Home of Professional Cinematography since 1996

Exposure Compensation

Published : 19th November 2003


Ramping from 36 fps to 24 fps ... correcting with the shutter ... starting at 180 degrees ... what should your shutter be at 24 fps ... and WHY is that your answer?

Mako Koiwai



Mako writes :

>Ramping from 36 fps to 24 fps ... correcting with the shutter ... starting at >180 degrees ... what should your shutter be at 24 fps?

OK, I'll bite.

120 degrees

> And WHY is that your answer?

Shutter speed (exposure time) = shutter degrees/360 x frame rate

180/360 x 36 = X/360 x 24 X = 120

Is there a prize?

Brian Heller
IA 600 DP



The angle is = 120'

Why = It's what my palm pilot told me to say... I swear.

Joe Zovko
AC
LA, CA



Joe Zovko wrote:

> The angle is = 120'

> Why = It's what my palm pilot told me to say... I swear.


No calculator required -- easy head math.

180 degrees = 36 fps

2/3 of 36 fps = 24 fps
2/3 of 180 degrees = 120 degrees

Jeff Kreines



Solving the equation both times indicates that the shutter angle for the 24 fps should be 270 degrees not 120 degrees.

Do the math 180 divided by 360 = .5 X 36fps = 18
120 divided by 360 = .3333 x 24 = 8

In a speed ramp the exposure time is to remain consistent.
Solving the equation for 18 means the angle is 270

270 divided by 360 = .75 X 24 = 18.

I am no math wiz but if the equations are correct the algebra you did is incorrect.

Robert Goodman
Photographer/Author/Producer
Philadelphia, PA
www.stonereader.net



Robert Goodman wrote :

>Solving the equation both times indicates that the shutter angle for the >24 fps should be 270 degrees not 120 degrees.

Your equations are wrong - you've inverted them. Frame rate is the inverse of the shutter period.

Willi Geiger
Technical Director
Industrial Light + Magic



Robert Goodman wrote :

>Solving the equation both times indicates that the shutter angle for the >24 fps should be 270 degrees not 120 degrees.

Um, no... first, there aren't any cameras with 270 degree shutters.


Second, since you're setting the exposure for 36 fps using a 180-degree shutter, you need to cut exposure when you slow the camera to 24 fps -- ergo close the shutter a bit to compensate.

Jeff "bad at real math, but quick at rough calculations" Kreines



Robert Goodman wrote :

>...Do the math 180 divided by 360 = .5 X 36fps = 18
>120 divided by 360 = .3333 x 24 = 8....


Indeed. If ramping to a slower frame rate, the effective shutter speed is going to drop, so you can't possibly go to a wider shutter angle to keep the exposure constant.

The correct shutter angle for 24fps would be 120.

36x360/180 = 72

24x360/120 = 72

Both angles will provide 1/72 sec. at their respective frame rates.

Jeff Kreines



>O.K. ... now ... what is the "half way" fps between 24 and 48 fps ?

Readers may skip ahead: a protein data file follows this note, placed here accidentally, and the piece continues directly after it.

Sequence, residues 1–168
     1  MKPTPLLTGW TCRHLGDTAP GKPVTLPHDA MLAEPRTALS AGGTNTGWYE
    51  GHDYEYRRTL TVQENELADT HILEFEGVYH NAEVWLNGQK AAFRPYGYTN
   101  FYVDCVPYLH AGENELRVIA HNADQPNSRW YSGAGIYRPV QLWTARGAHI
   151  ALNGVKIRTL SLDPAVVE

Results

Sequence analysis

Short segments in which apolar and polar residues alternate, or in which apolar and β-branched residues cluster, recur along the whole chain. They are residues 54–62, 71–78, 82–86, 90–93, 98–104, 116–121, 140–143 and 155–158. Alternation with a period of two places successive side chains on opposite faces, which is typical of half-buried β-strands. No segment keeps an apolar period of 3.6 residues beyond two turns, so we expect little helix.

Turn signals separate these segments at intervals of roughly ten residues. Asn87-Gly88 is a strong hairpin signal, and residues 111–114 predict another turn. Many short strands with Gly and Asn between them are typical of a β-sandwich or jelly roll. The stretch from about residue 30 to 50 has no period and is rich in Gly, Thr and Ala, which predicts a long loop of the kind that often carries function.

36 fps.

>What is the "half way" shutter between 180º and 90º ?

135º.

Doubles and halves, baby, doubles and halves...

Art Adams, DP
Mountain View, California - "Silicon Valley"
http://www.artadams.net/



O.K. ... now ... what is the "half way" fps between 24 and 48 fps ?

What is the "half way" shutter between 180º and 90º ?

Mako, Makofoto, Glendale



I get a different answer. If you are going from 24fps to 36fps you need to open up half a stop. Therefore, if you are going the other way, you need to close down half a stop. By changing the shutter from 180" to 135" you are effectively closing down half a stop.

So I get the answer as 135" for 24fps.



>O.K. ... now ... what is the "half way" fps between 24 and 48 fps ?36 fps.

I don't agree. There's a more complicated answer (so it must be better).

Halfway between 24 and 48 ( a factor of x2) would be a factor of root 2 -familiar to everyone who recognises the sequence 2, 2.8, 4, 5.6 etc.

So the halfway speed is 24fps x 1.414, which is nearly 34 fps.

And the halfway angle would be 180 / 1.414 which is 127 deg

Dominic Case
Atlab Australia



Very Good Dominic ...

Yet most of us dummies out in the field think the half way fps between 24 and 48 is 36 fps ... and that the in between shutter angle is 135º.

Interestingly enough ... it seems that many of the exposure charts in our manuals are also off ...

This examination came about because a techie AC friend of mine, Matt Petrosky, was wondering why the read-out of the remote ramp device for his Panavision Millennium was showing the shutter correction for 36 fps/180º to 24 fps was 120º instead of 135º.

Now we know that if he had inputted 34 fps/180º ... the correction would have been 127º at 24 fps.

In order to end up with a 135º correction, at 24 fps ... one would have to start at 32 fps/180º.